7. Oh Anne, you always make me laugh so much! I love cooking, but some days I do say to them, “listen, can we just eat bread tonight? I’ve baked six loaves and I’m too tired to think of anything else..” 🙂 Our freezer is a godsend on those days – there’s always some preserved meat or something in there that can be pulled out and heated up and bunged on toasted sandwiches. And when things get really bad, we play freezer lucky dip – I routinely freeze leftovers, so when I’m really shattered, everyone goes to the freezer and chooses a homemade “frozen dinner”. 🙂

    LOVE your beautiful first photo – so many glorious colours! Enjoy the rest of your English summer! xxx

    1. We routinely play freezer lucky dip, but that’s because I don’t always label things properly. My frozen leftover dishes are down to rabbit, rabbit or rabbit, which adds to the lack of inspiration at the moment.

  8. Such a gorgeous photo of those fresh raspberries Anne! Working out what to cook for dinner and then cooking every night (without too much help) can be a bit of a grind from time to time… I can certainly relate! 🙂 I think perhaps I need to routinely make bigger batches of things to have leftovers in the freezer on hand more often.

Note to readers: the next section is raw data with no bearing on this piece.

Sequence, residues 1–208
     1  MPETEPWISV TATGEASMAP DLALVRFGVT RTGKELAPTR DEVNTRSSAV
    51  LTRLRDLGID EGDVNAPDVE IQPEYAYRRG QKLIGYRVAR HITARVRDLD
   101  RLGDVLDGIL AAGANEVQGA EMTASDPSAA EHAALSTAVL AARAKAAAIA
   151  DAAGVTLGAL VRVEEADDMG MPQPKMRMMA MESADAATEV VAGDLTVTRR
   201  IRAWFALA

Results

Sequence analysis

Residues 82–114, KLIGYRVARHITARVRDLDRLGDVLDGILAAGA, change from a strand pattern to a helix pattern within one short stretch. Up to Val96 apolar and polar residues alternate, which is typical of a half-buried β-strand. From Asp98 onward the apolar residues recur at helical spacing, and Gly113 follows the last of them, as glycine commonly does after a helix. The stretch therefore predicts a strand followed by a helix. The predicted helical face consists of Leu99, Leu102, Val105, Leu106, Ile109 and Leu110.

1. I try to make bigger batches but all too often they sit and look at the leftovers and decide they may as well just finish it up or because there’s extra we end up with more people for supper. I obviously need to cook enormous batches.

  9. A couple of years ago, I started keeping a simple diary of all the meals I cooked. Now when I need inspiration I just look back at the same time of year in the diary and usually find the answer. I am like you, cooking from the garden and around the work needed to be done in the fields, so what worked last year usually works this ,year.

    Very jealous of your raspberries – I bought a big punnet recently and mother-in-law and I finished them of in one sitting!